Assiniboine, Dakota (Northeastern Montana)
This circle represents the Fort Peck Reservation. Fort Peck is located in far northeast Montana adjacent to the Missouri River, and is geographically a part of the Great Plains. The landscape is now checkered with agriculture, mineral extraction, and livestock grazing, but it was once a sweeping expanse of mixed grass prairie and home to vast herds of bison.
The Assiniboine and Dakota at Fort Peck are subgroups of two separate nations that span the northern Great Plains. After acquiring horses in the 18th Century, both tribes lived as semi-nomads, following herds of bison through the summer to provision themselves through the winter.
Purple prairie clover (Dalea purpurea):
This showy wildflower is a widespread member of the legume family that is an indicator of pristine prairie. It is harvested for its substantial taproot, which can extend up to 2 meters into the ground. The dried leaves can be brewed into tea.
Shrubby cinquefoil (Dasiphora fruticosa):
Shrubby cinquefoil is a flowering shrub that thrives on limited amounts of precipitation characteristic of the northern Great Plains. Shrubby cinquefoil is used for a variety of medicinal uses, and is ceremonially ground into a fine powder and used as a protective barrier to withstand extreme temperatures (such as immersion of the hands in boiling water).
Creeping juniper (Juniperus horizontalis):
This low-growing evergreen shrub inhabits prairie slopes and draws. There are several species of juniper in North America, all widely used medicinally and as a source of wood. The aromatic foliage and fleshy, berry-like cones are particularly valued.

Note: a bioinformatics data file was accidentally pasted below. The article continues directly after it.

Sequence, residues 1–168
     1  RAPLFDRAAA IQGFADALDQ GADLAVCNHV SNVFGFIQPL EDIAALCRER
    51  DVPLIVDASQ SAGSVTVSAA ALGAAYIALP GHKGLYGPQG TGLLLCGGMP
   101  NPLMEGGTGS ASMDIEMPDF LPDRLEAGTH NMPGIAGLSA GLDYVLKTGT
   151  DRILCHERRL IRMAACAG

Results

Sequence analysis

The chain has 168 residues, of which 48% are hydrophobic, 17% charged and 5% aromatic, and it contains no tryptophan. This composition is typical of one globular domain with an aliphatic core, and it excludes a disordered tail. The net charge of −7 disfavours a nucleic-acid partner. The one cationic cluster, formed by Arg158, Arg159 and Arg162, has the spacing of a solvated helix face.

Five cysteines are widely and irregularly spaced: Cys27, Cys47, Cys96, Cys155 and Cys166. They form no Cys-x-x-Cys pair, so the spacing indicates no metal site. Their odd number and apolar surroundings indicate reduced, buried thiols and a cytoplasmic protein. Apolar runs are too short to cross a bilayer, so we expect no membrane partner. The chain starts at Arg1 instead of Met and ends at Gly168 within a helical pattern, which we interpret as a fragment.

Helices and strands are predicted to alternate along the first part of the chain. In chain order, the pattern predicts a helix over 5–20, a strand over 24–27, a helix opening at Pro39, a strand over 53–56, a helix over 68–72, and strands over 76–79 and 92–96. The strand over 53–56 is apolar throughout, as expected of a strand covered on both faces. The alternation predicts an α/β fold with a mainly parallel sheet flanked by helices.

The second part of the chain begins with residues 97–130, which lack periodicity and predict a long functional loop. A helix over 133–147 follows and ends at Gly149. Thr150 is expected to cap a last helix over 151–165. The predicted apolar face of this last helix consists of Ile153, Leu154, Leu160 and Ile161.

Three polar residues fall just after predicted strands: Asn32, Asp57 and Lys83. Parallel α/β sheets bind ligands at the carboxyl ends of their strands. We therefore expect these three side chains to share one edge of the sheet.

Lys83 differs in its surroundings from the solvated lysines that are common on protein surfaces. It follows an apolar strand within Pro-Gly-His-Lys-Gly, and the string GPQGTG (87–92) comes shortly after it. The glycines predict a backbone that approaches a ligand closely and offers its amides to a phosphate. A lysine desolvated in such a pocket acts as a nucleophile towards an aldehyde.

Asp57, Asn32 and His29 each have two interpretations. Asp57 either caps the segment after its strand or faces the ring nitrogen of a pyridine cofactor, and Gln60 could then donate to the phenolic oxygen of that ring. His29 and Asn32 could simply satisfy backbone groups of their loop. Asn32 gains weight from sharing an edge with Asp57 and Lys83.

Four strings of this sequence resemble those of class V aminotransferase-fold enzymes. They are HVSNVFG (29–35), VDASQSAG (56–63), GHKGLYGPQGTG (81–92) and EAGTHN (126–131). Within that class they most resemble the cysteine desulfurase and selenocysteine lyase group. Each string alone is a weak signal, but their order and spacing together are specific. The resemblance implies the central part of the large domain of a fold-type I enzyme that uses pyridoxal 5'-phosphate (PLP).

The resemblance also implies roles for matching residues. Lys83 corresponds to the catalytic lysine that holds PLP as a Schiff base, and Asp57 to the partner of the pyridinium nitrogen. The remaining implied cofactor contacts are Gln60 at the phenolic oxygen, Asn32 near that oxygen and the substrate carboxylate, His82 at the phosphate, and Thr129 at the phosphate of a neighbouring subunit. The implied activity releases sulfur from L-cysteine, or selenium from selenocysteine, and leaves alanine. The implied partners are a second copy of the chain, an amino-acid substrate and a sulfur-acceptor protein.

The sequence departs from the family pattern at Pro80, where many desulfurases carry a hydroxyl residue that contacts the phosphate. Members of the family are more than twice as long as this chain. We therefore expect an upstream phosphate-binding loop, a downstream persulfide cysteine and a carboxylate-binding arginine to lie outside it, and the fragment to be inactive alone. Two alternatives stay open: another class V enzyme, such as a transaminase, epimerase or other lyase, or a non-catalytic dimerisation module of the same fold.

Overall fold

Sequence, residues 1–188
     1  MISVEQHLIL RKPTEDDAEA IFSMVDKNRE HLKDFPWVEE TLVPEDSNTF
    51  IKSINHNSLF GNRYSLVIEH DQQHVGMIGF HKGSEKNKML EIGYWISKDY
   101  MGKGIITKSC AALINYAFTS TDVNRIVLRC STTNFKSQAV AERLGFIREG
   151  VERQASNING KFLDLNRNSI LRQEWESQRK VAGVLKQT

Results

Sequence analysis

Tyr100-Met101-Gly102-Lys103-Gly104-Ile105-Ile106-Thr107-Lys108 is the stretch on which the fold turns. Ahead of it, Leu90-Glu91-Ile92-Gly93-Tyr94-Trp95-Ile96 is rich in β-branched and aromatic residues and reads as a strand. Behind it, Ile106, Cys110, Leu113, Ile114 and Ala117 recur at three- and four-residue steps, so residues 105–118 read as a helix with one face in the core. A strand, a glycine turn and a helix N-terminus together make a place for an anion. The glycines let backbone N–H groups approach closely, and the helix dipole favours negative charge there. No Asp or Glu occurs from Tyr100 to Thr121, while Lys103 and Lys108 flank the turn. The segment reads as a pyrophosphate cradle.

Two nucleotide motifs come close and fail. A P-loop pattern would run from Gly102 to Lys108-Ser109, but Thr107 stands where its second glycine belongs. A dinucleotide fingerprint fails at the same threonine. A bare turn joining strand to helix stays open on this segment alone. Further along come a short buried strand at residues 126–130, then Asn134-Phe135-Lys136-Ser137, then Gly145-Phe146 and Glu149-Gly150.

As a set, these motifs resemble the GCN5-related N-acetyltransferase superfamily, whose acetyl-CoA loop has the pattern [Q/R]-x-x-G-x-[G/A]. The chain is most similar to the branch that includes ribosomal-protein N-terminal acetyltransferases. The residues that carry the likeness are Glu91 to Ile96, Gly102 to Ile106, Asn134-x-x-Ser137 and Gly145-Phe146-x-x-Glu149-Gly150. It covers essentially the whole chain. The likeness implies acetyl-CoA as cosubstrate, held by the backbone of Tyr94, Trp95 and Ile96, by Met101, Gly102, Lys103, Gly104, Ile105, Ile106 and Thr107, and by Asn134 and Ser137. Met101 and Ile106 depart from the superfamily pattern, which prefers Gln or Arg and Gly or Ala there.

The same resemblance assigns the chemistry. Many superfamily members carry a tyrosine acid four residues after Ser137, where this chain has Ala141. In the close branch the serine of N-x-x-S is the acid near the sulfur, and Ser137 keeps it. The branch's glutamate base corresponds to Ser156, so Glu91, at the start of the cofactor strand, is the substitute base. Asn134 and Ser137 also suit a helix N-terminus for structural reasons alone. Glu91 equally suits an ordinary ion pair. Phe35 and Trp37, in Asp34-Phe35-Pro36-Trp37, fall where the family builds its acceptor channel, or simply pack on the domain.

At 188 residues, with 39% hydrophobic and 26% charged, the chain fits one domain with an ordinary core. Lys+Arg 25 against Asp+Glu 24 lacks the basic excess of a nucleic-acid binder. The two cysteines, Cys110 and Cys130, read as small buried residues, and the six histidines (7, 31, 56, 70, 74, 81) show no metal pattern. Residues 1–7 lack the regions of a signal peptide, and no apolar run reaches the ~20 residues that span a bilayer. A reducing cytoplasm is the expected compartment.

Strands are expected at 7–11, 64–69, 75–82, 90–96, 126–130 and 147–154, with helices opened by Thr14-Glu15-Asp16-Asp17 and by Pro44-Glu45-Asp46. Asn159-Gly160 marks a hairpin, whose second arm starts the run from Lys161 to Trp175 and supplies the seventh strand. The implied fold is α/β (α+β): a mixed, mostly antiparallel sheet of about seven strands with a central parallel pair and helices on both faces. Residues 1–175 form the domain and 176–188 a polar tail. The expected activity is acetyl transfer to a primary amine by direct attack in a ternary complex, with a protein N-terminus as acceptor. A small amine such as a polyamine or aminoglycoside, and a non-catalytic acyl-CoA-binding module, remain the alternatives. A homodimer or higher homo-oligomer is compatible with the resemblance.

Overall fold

Fuzzy-tongue Penstemon (Penstemon eriantherus):
Fuzzy-tongue penstemon is a native perennial with a woody caudex and heavy taproot. It has one or more stems that are typically 4 to 16 inches tall, and sometimes decumbent at the base of the plant. The flowers are lavender to pale purple with dark guidelines. It was originally collected in Deer Lodge County, Montana in 1998. This species is considered an important food source for many classes of wildlife and birds and both herbage and seeds are utilized. Native American tribes used penstemons as medicinal remedies for humans and animals. Today its primary use is ornamental.
Chokecherry (Prunus virginiana):
Chokecherry is a North American native, perennial, woody shrub or small tree from the Rosaceae (Rose) family. It’s leaves are dark green and glossy above and paler beneath. It has perfect flowers which are aromatic and arranged in cylindrical racemes 3 to 6 inches long. This shrub or small fruit tree grows to 20 feet in height and is primarily used today as a food product that makes fine preserves, juice, jelly, and syrup. Chokecherry occurs naturally in a wide range of soil types and textures. It was used by Native Americans to make pemmican, mixed with elk, deer meat, and fat back which served as traveling rations as well as everyday food.
Purple Fleabane (Erigeron purpuratus):
Purple Fleabane is generally described as a perennial herb. It’s flower petals are thread-like and can be white, but are more often pink, purple, or even a pale shade of bluish. The stems and leaves are covered with short white hairs and the plants can grow anywhere from one to three feet tall. Flowers appear in late spring or early summer and close at night into feathery buds. Often the buds will stay closed in the early morning or on a very cloudy day. It is primarily used to bring down fever and a diaphoretic that eliminates toxins by inducing sweating. The english name, fleabane, is derived from the belief that when dried, the plant repels fleas.
- Blanketflower (Gaillardia aristata)
- Chokecherry (Prunus virginiana)
- Fuzzy-tongue penstemon (Penstemon eriantherus)
- Maximillian sunflower (Helianthus maximiliani)
- Prairie coneflower (Ratibida columnifera)
- Prarie-smoke (Geum triflorum)
- Purple coneflower (Echinacea angustifolia)
- Purple Fleabane (Erigeron purpuratus)
- Western snowberry (Symphoricarpos occidentalis)
- Yarrow (Achillea millefolium)